Sometimes, when one of us is cooking dinner, we happen to be the one my daughter wants to play with. Rather than constantly telling her we are busy, maybe later, the other day, we decided we would try to let her participate in cooking the meal. We happened to be making a lentil soup, so Ms. Kaz decided to let our daughter scoop the lentils into a bowl.

Let me tell you, my daughter thought this was the greatest thing and talked about it the rest of the night, and at daycare, and for the next day or so.

We thought, now that she can do a lot more than she used to, it might be nice, and might be fun to get her involved. Besides, she would definitely want to eat the lentils since she helped prepare them, right?

Uh… no. She didn’t touch ’em (she used to love them when she was younger). But she did talk about them.

Of course, now she has to have her own little bowl of dried lentils to scoop and pour and play with (“wanna play lentils with me, mommy?”). But not eat (“can’t eat lentils. not boiled yet!”).

She is very careful playing with them. And I think it would be nice to get her more involved in the meal process. But I don’t know if she’s ready for too much yet. Her coordination and following orders instructions skills aren’t quite there yet.

I do look forward to the day she and I can get up early on a weekend and make breakfast for my wife.

On a somewhat related dinner note – after spending a bunch of time last month with my in-laws, my daughter now has to “bang glasses” with us whenever we have wine (don’t worry, she just has a plastic cup filled with water). She’s getting better at it…


4 Responses to Lentils

  1. Rob says:

    My nephew, Gunslinger*, does that. Only he calls it ‘Cheers-ing’.

    As in sippy cup raised, “Cheers-ing Unka Rob?”

    I raise my glass in confirmation, and we touch cups. Gunslinger takes a sip and says, sippy cup raised, “Cheers-ing Unka Rob?”

    You can see where it goes from there.

  2. Terry says:

    Hey Kaz…I’m a daddytypes reader/commentor and MetroDad reader. MD mentioned your place, so I thought I would check it out.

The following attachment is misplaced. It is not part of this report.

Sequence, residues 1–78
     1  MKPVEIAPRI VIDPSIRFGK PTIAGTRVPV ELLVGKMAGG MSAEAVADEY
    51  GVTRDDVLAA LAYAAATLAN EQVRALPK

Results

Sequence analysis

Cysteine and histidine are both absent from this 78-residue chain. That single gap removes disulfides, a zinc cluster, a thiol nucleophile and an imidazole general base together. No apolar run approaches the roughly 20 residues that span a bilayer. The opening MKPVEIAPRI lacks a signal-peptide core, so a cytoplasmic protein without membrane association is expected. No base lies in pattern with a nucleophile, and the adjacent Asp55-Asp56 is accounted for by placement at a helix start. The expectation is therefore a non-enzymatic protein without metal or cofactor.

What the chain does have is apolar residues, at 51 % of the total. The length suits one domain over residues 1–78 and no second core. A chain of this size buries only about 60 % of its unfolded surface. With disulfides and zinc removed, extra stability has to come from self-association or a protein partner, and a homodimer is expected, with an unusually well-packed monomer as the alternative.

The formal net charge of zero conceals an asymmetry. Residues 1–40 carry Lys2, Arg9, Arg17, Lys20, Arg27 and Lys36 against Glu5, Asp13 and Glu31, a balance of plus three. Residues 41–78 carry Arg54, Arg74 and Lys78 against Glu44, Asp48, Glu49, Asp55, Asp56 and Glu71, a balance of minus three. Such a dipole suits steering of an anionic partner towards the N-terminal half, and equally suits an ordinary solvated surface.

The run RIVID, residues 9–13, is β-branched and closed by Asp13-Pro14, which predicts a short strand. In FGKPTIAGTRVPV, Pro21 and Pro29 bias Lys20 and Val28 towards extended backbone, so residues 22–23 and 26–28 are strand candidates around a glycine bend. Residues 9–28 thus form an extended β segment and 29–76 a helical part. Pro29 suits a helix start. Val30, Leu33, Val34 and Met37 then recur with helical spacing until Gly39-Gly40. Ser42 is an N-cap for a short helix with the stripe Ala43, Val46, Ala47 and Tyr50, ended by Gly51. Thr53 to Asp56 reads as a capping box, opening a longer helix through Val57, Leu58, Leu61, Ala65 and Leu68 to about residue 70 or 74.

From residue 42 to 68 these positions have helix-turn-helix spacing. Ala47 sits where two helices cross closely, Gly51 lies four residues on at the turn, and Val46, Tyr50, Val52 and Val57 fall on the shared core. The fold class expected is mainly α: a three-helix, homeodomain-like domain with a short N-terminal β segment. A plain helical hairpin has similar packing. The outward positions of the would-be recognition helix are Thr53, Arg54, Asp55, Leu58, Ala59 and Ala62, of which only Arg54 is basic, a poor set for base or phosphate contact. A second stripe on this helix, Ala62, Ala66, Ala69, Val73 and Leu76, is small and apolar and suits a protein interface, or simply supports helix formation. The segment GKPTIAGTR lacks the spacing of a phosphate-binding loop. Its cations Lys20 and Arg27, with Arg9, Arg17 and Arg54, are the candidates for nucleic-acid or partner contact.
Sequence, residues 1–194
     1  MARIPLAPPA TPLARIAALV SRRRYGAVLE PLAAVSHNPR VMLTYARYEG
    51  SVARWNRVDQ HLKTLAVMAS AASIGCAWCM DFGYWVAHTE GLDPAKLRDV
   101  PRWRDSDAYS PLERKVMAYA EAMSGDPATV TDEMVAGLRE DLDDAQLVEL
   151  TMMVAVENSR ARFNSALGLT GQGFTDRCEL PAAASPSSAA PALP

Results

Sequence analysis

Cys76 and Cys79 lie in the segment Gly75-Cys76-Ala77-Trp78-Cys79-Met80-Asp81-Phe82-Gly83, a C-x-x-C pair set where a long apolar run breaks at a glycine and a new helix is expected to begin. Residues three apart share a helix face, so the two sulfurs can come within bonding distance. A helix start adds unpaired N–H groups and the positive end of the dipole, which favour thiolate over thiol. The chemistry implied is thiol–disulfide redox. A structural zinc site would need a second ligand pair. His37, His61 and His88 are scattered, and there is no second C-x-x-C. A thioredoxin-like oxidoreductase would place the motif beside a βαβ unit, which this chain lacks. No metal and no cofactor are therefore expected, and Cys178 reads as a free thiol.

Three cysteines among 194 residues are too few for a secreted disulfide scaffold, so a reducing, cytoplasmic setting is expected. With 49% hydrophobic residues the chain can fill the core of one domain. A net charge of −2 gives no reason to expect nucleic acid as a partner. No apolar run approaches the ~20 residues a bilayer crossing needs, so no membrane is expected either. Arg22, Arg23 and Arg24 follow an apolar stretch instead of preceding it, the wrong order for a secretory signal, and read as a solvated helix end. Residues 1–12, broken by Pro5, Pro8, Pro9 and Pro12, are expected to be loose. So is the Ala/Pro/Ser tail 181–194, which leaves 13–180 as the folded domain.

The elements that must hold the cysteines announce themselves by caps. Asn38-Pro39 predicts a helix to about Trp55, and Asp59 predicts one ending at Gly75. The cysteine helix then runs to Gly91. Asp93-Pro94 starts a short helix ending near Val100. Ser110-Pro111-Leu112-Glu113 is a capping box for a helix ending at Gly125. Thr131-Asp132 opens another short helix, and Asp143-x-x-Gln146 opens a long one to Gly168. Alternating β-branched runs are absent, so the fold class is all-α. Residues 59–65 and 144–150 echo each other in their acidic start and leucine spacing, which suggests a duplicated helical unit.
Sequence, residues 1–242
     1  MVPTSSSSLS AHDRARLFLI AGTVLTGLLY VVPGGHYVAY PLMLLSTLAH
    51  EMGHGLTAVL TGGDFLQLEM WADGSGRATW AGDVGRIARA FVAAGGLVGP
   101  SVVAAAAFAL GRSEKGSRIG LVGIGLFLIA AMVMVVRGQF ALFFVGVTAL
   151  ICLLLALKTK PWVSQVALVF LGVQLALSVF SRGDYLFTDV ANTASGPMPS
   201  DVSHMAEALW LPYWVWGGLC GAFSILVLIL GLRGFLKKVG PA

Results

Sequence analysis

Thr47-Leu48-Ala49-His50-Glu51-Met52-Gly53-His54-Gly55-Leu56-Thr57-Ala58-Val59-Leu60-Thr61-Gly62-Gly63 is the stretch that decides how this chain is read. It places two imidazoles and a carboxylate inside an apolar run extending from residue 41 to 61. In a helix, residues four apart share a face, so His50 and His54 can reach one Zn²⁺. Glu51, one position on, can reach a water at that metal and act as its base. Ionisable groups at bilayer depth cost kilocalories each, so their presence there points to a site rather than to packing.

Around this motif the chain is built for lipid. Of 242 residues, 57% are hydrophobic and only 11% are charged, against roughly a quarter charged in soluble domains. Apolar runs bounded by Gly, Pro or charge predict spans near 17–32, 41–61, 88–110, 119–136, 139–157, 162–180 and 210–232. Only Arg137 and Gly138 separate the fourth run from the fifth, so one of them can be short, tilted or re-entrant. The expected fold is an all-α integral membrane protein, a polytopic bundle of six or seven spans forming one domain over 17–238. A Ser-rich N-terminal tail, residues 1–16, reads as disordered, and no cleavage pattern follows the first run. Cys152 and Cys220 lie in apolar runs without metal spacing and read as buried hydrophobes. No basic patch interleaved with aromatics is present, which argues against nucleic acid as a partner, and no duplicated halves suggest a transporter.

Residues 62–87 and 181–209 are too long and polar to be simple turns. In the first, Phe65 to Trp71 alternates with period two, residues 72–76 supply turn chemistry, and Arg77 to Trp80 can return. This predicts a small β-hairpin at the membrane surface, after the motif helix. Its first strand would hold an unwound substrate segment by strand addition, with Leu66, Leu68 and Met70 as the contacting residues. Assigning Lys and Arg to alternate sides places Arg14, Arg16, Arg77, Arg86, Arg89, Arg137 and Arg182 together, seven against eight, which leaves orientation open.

Now that my Elder is 3yo, I have been trying to get him to help in the kitchen. Not only does it stop his whining of “Daddy play, Daddy play” but it’s getting him into howa kitchen works and that Mommy and Daddy don’t have magical powers that makes the food appear.
    Just this morning, we were making grits (I’m in Tennessee, so it’s okay) and I had him pour some of the grits in the water. It’s like he owns the grits now… Then, for the impromptu math lesson we went to the microwave for him to start the kitchen timer… “okay, press 4, 3, 0 and start”
    I think what’ll happen is that by the time he’s about 10yo he’ll have enough kitchen experience to totally utilize My First Chemistry Set to the fullest potential.

    [Kaz: Welcome, Terry! Thanks for stopping by! Well, at the very least, he’ll be able to utilize My First Microwave! :)]

  3. CroutonBoy says:

    Wouldn’t the ideal situation be one in which she gets up and makes breakfast for you?
    Then again, lentil soup isn’t the best breakfast food.

    [Kaz: Hey, Crouton Boy, thanks for stopping by! It would be a tradeoff I would need to conisder. Lentin soup for breakfast might be worth sleeping in and staying in bed!]

  4. Henitsirk says:

    My 2 year old daughter must “kink” glasses in order to finally finish her milk. She and her 4 year old brother love to help cook: they helped with pretty much every step of the last lasagne I made. Note: I was feeling very patient that day, and allowed a LOT of time for the cooking process.
    I too am waiting for the day when the kids cook us breakfast. Or let us sleep in, I’m not picky.
    PS: Say thanks to MetroDad!

    [Kaz: Thanks for stopping by! I owe MD a drink (or two) next time I’m down in the city! I think a lot may also depend on the mood of the child. There are times my daughter works hard to be careful and listen, and there are other times she’s just reckless and does whatever she wants.]

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